Due Diligence

LuckyRice festival founder and cookbook author Danielle Chang loves her proximity to Chinatown but could use more space (of course)

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Now in its seventh year, the LuckyRice Lunar New Year Celebration will take place on February 9. But this year's celebration of Chinese food and drink also marks the debut of festival founder Danielle Chang’s first-ever cookbook, Lucky Rice: Stories and Recipes from Night Markets, Feasts, and Family Tables.

Chang has a passion for Chinese food and culture, and before launching LuckyRice—a series of large-scale feasts, gastronomic gatherings and festive dinners around the country—Chang was CEO of Vivienne Tam, the founder and publisher of Simplycity Magazine and Simplycity.com (co-founded with childhood best friend Lisa Ling). She's also worked at Goldman Sachs, the New York Times, and as a professor of contemporary art history. 

She lives in a three-bedroom condo in Manhattan in a neighborhood that's constantly changing. She tell us more below.

1.  What neighborhood do you live in?

On the border of Chinatown and SoHo.

2. Is this your dream neighborhood or is there someplace else in NYC you’d prefer to settle in?

Even though this neighborhood has changed so much in the past couple of decades since I've lived here, I love it so much because it is home—where I've lived for the longest period of my life.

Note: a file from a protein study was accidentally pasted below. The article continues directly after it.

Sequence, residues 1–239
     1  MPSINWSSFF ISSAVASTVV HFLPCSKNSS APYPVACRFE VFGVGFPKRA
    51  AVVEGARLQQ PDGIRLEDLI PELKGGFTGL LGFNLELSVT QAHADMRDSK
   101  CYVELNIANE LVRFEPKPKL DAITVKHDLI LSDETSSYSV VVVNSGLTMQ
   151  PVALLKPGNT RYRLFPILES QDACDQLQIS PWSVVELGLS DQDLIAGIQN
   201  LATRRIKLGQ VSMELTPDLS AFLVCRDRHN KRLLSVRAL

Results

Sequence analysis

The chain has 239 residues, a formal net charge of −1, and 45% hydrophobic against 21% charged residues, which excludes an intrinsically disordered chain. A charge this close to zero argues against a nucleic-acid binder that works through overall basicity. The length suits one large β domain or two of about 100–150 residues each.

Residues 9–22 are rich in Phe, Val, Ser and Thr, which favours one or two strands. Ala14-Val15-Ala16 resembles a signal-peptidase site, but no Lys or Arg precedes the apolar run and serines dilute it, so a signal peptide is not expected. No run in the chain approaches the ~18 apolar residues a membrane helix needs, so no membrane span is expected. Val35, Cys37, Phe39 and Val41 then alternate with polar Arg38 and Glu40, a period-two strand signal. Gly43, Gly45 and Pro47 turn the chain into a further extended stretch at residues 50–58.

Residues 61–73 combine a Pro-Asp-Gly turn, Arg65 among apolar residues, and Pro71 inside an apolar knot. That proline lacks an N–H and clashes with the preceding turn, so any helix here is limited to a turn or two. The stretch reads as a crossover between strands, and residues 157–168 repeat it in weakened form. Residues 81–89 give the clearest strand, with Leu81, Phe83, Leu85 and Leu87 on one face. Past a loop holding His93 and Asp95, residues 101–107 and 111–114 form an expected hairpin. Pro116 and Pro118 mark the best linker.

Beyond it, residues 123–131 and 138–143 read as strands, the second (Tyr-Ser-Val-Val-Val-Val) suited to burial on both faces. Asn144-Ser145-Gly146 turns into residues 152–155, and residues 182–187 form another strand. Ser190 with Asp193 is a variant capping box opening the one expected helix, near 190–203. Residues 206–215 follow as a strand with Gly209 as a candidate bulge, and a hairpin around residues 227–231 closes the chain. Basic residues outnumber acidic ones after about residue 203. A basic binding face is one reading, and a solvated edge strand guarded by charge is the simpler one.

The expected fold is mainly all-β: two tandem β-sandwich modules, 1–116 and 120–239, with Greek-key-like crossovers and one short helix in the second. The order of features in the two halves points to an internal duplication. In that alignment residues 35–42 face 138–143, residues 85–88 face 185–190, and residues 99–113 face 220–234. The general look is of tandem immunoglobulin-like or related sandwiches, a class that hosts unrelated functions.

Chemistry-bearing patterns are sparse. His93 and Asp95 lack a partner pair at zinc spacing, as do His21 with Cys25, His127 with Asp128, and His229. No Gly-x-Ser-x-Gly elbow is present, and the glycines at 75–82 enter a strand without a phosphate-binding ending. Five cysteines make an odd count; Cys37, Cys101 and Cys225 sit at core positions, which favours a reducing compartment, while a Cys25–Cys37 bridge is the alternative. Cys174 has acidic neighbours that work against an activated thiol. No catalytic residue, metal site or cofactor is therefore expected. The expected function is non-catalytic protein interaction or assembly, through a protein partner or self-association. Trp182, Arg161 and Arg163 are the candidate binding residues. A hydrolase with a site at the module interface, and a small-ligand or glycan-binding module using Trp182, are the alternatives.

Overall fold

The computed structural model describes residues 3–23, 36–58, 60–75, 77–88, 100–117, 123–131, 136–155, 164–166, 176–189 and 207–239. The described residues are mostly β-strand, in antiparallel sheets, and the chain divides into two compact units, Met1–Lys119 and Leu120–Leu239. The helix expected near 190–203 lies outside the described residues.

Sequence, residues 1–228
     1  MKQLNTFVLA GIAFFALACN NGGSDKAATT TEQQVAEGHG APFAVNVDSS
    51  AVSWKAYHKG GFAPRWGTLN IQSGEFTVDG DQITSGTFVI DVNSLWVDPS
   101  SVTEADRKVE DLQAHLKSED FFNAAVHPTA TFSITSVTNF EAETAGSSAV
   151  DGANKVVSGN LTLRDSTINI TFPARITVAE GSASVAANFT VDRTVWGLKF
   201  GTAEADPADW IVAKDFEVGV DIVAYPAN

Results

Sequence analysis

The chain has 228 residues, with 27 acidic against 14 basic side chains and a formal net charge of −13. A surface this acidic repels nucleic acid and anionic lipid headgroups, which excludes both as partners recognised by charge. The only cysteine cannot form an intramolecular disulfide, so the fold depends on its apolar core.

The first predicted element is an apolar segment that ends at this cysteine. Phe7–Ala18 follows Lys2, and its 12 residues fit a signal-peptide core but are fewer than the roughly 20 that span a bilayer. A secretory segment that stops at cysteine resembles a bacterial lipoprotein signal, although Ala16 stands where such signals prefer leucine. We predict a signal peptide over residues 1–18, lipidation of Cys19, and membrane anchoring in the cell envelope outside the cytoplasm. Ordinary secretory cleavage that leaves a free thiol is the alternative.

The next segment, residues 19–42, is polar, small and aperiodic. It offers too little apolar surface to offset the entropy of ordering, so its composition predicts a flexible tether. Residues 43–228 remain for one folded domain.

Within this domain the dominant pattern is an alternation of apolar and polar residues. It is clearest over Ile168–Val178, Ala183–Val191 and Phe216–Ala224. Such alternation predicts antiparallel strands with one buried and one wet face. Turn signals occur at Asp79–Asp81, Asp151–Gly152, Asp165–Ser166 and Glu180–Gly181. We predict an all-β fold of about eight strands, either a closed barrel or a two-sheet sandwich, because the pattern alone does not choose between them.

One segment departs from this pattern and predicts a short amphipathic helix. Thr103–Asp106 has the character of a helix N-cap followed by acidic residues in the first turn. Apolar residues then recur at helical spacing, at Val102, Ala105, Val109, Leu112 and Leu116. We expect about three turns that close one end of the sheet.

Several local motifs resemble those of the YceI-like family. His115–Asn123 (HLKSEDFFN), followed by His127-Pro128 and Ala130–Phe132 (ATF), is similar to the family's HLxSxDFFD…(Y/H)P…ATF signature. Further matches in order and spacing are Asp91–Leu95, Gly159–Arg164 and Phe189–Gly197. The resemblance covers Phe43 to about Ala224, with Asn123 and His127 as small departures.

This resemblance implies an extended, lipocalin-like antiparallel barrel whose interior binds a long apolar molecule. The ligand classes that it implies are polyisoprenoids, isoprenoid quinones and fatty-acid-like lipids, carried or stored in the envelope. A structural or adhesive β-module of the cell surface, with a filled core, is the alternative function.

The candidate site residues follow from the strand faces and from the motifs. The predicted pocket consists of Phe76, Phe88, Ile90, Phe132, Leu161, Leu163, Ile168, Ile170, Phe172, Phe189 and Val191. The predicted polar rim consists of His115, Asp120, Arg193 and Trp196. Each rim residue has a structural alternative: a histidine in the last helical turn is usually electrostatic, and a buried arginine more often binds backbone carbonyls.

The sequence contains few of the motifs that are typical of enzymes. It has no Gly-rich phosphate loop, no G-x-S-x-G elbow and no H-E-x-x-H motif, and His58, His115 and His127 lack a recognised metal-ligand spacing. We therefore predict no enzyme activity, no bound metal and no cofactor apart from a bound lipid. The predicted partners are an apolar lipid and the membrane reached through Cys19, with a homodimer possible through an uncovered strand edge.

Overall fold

3. Do you own or rent?


4. How’d you find it?

Looking and looking at everything for years! I swear, I know Manhattan street addresses better than most real estate brokers!

5. What’s the one thing you love the most about it?

The proximity to Chinatown, where I eat and shop almost daily.

6. If there’s one thing you could change about your apartment, what would it be?

Who doesn't want more space in NYC?

7. In three words, describe the first apartment you've ever lived in.

College dorm room.

8. Do you prefer old NYC or this NYC?

Truth be told, I'm nostalgic for old New York. Old New York (and south SoHo) circa 1990 when I feel first moved here was full of art galleries and raw energy. I was formerly director of Jeffrey Deitch gallery on grand and Wooster—just down the street from where I currently live—in the mid-90s when this part of where SoHo crosses into Chinatown still felt like uncharted territory.

9. Tell us about the favorite apartment you’ve ever had.

I like to be grateful for the things I have in life right now, so I'll have to say I'm happiest in the apartment I live in now. 

10. And the worst?

Must have been the fourth floor cockroach-infested—and later mice-infested—apartment on Sullivan Street when I was a grad student.

11. Name one NYC service you couldn’t live without.

Food delivery, of course!

12. What's your favorite spot in the city?

Balthazar, my local haunt I've been frequenting since it opened. I like to start my evenings there with a Bombay Sapphire martini.

13. Which would you rather: Brooklyn brownstone or a penthouse in a shiny, new condo?

These days, Brooklyn brownstone. My dream is a West Village townhouse with a large backyard—but isn't that everybody's?

14. If you could live elsewhere, where would it be?

Hong Kong, or the Bay Area.

15. Any advice for a recent New York transplant?

Don't be wedded to a neighborhood or apartment. Rent for six months or a year so that you can check out different neighborhoods and lifestyles (penthouse vs. brownstone?), because you never know.


Playwright, actress and Brooklynite Staceyann Chin on gentrification, rising rents and the importance of balance in NYC

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